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Lord Byron's Novel

3.57 of 5 stars 3.57  ·  rating details  ·  375 ratings  ·  52 reviews
One of our most accomplished literary artists, John Crowley imagines the novel the haunted Romantic poet Lord Byron never penned ...but very well might have. Saved from destruction, read, and annotated by Byron's own abandoned daughter, Ada, the manuscript is rediscovered in our time -- and almost not recognized. Lord Byron's Novel is the story of a dying daughter's attemp ...more
ebook, 496 pages
Published October 13th 2009 by HarperCollins e-books (first published 2005)
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Eddie Watkins
A fine and thoroughly disappointing novel.

It is virtually devoid of the mystery and depth of meaning of Crowley's best novels, which I consider to be Little, Big and the Aegypt series.

Technically, it is a marvel, and the mock Byron novel is a rip-roaring read, and even the email exchanges among the principal contemporary characters are interesting; but the book as a whole is terribly predictable (the Byron novel itself being predictably unpredictable). Considering that the novel includes an acc
Wow. Finally got to this. Revolves around the discovery of an old sea trunk in which are found, among other things, one page of nearly illegible scrawl (and if you know Byron's handwriting, you're immediately onto that clue) and many pages of numbers, apparently a cypher. Turns out Ada Byron has encoded her father's manuscript of a novel so that it will not, at her mother's and husband's insistence, be destroyed for all time. Ada undertook this massive project in the last year of her life when s ...more
What if George Gordon, Lord Byron, had written a novel? He started one, of course, on that famous night in Italy with Mary and Percy Bysshe Shelley, but quickly abandoned it. Instead, John Crowley asks what if he'd finished it, and it had come into the hands of his daughter, Ada, Countess of Lovelace? Lord Byron's Novel is an intricately intertwined three-part story: Byron's novel, which we get in its entirety; his daughter's annotations and notes; and the researchers who discover the novel.

Took about 7 attempts to get in to this, glad I did. The book is on three tracks: Byron's novel, Ada's notes on Byron's novel, and modern readers working their way through both. Once all three start gelling the pace picks up nicely, but the Byron novel is slow going even for folks like me who like the occasional Romantic novel (and Crowley does Romantic Novel very well). Extra points for having the modern protagonist being a lesbian and having that be only mildly relevant to the plot, and in no ...more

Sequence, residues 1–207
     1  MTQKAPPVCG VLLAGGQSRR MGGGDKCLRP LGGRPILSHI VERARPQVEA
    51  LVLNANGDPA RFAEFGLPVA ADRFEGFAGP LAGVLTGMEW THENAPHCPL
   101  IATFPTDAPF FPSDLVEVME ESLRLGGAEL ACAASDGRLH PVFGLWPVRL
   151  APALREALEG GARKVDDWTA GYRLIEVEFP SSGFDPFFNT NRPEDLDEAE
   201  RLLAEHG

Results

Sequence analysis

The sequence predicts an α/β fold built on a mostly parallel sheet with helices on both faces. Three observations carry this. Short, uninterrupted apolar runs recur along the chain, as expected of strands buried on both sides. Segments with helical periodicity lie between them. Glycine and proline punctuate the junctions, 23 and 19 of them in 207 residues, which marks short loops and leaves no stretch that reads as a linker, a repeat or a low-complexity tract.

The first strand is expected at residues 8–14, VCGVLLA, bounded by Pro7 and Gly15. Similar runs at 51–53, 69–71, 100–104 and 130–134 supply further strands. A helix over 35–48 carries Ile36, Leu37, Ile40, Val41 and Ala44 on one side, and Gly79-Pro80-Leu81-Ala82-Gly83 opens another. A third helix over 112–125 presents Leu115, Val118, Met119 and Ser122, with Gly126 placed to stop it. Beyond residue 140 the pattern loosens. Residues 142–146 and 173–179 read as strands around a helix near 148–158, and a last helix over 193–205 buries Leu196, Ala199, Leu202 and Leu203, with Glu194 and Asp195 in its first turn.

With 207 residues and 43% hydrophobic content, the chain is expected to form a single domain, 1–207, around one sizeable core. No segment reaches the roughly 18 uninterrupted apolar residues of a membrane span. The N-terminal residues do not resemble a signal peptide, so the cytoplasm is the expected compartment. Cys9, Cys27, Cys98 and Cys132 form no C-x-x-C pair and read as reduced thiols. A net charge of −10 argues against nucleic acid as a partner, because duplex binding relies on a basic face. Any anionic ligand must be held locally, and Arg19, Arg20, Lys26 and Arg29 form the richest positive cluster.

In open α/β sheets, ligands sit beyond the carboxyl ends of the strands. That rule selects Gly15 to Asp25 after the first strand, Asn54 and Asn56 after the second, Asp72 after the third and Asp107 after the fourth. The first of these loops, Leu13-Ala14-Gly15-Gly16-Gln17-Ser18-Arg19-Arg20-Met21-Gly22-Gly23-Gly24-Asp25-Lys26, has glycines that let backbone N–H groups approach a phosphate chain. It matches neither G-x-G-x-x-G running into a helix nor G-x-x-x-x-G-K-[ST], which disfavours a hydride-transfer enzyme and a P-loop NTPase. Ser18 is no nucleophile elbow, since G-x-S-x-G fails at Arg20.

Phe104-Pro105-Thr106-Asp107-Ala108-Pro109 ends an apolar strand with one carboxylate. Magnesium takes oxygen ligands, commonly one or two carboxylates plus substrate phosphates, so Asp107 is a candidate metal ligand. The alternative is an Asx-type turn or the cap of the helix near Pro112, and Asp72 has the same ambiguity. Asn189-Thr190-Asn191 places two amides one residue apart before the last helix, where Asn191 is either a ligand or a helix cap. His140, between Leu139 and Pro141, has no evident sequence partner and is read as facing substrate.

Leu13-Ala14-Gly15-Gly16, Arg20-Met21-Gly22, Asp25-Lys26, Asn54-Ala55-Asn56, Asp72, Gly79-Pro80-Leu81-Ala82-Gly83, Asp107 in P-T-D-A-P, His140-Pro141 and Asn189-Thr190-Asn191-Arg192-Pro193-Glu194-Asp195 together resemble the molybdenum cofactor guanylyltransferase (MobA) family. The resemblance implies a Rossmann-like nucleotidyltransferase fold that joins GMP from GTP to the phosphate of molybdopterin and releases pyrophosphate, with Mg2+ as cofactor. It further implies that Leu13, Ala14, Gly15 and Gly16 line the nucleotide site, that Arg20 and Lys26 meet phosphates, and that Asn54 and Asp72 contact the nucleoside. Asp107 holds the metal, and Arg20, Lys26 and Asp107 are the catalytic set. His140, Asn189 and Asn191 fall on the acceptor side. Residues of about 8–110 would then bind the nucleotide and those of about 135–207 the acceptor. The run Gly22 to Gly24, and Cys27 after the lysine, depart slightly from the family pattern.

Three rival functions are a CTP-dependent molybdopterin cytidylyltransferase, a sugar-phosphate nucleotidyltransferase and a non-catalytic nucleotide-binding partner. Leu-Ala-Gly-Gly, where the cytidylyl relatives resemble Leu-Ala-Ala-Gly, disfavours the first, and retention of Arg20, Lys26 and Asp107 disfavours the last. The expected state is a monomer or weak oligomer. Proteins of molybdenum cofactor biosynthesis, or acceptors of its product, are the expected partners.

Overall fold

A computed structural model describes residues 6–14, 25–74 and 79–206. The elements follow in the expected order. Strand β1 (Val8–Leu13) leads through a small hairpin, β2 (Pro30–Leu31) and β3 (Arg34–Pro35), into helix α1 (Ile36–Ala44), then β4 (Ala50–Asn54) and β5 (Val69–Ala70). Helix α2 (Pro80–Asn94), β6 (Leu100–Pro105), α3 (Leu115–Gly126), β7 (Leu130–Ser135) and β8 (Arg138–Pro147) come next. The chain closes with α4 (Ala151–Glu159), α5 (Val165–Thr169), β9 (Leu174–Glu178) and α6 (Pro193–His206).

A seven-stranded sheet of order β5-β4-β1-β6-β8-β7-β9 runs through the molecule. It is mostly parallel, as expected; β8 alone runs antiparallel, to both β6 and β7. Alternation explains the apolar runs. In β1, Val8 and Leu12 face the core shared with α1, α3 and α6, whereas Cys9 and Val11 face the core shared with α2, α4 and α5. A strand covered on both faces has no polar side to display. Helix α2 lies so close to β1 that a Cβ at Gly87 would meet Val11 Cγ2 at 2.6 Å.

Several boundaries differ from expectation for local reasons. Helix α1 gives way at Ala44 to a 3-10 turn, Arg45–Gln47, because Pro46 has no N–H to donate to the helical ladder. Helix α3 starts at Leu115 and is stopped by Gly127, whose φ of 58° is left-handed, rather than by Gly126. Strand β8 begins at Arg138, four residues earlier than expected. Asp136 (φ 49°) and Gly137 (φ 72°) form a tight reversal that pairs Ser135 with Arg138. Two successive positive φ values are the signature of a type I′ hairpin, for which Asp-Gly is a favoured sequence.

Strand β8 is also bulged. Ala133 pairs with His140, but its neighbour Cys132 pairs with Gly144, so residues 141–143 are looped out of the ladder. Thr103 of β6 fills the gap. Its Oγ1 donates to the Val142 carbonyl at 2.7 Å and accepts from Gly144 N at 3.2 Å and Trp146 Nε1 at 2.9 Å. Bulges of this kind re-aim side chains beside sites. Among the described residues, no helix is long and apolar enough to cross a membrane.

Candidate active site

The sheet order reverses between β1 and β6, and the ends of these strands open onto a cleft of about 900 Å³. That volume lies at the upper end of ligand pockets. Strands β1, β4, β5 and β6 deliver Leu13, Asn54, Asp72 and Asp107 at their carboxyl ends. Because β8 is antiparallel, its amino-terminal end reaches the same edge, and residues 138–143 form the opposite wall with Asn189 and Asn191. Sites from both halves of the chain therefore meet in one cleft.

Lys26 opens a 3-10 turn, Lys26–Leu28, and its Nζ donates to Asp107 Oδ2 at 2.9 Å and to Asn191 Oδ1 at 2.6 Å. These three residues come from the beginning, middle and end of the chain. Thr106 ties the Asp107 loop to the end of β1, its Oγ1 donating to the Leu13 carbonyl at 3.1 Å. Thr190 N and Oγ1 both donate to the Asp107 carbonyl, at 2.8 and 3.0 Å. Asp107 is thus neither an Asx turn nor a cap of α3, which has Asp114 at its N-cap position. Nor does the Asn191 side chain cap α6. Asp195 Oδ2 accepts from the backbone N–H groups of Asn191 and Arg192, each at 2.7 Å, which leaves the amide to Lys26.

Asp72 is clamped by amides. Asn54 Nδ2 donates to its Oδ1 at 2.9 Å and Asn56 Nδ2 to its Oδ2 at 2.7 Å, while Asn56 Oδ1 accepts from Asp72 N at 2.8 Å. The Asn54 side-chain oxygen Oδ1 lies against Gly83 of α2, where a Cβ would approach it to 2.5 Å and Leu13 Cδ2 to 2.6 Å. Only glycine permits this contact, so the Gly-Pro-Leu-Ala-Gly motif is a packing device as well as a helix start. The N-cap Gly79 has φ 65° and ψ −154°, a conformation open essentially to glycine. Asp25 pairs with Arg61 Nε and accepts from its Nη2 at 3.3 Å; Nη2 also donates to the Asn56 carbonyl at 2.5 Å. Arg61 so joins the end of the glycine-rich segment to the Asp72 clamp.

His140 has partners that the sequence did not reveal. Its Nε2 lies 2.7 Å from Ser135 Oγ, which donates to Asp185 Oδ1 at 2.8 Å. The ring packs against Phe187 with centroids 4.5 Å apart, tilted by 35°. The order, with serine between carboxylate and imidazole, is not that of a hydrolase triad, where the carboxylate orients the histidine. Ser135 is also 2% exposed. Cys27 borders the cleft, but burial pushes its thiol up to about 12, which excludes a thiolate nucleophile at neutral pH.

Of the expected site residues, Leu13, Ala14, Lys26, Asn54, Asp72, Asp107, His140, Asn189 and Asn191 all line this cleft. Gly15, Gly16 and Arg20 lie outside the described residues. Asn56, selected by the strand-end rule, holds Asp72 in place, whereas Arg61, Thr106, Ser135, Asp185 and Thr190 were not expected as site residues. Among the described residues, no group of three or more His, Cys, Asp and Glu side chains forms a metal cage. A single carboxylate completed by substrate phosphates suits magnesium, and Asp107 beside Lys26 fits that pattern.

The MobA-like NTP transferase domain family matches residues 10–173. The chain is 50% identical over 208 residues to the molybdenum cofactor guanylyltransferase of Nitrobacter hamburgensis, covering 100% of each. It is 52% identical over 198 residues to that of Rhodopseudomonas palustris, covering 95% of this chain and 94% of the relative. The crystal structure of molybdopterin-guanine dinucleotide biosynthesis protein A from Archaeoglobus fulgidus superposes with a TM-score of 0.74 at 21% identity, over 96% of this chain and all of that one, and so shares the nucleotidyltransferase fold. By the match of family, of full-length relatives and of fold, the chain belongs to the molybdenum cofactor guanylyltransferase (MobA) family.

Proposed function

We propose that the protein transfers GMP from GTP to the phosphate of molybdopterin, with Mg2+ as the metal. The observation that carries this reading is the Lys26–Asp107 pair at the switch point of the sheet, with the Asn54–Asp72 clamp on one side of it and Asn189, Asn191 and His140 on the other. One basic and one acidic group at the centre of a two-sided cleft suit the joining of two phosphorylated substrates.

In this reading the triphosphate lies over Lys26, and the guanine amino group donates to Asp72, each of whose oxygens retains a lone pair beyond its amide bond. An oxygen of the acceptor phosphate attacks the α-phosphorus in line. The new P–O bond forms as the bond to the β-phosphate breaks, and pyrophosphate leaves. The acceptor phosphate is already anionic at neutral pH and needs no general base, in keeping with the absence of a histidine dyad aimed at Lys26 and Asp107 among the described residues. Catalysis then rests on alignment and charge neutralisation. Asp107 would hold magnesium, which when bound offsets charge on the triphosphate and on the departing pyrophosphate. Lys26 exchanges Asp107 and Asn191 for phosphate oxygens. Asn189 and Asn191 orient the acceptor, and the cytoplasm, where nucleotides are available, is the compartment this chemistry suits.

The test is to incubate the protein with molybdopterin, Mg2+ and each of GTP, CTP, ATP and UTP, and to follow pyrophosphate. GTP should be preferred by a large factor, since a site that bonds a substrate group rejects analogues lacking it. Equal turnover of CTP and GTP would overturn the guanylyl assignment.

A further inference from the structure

way too boring...I actually gave up half way through.
I read this book ages ago and, coming across it again recently, decided to renew my acquaintance with it. But ... 100 pages in, I'm giving up. The thesis is interesting -- a novel purportedly written by Lord Byron surfaces in modern times, along with notes for the manuscript written by his daughter Ada. That's very cool, not only because the novel contents are entertainingly romantic, but Ada's annotations are informative, based on Byron's actual life, and a neat nod to Ada's efforts in writing ...more
I started reading this book with great interest and then it just got confusing and boring and you know how I am with authors interjecting comments to the reader (Mark Twain!!!). We have a story supposedly written by Lord Byron. Manuscripts happened upon daughter Ada Lovelace who was to burn them but coded the whole novel into numbers so all was not to be lost then years into the future found again (ofcourse), decoded and published. This could almost be four stories. The story.. the novel is abou ...more
This was an interesting read. I like historical fiction and this cleverly done story claims from the git-go to be a fictionalized history. Could Lord Byron really have written such a story based on his life? I do not know enough about Lord Byron to know but it was fun to think so. I dropped one star because I thought the intertwining emails having to do with how the novel was discovered became a little too personal about those people in whom I was not really interested. One of the features of th ...more
This is a multi-layered novel. First we have a manuscript written by George Gordon, Lord Byron, which in real life wasn't completed. But Crowley gives us the novel in its entirety. Next we have the annotations by Ada Lovelace, Byron's daughter, who possessed the supposed manuscript. Finally, we have a modern researcher who discovers the manuscript. So it's a bit like Possession. I loved all of the storylines, since like every female computer geek in the world, I'm an Ada fan.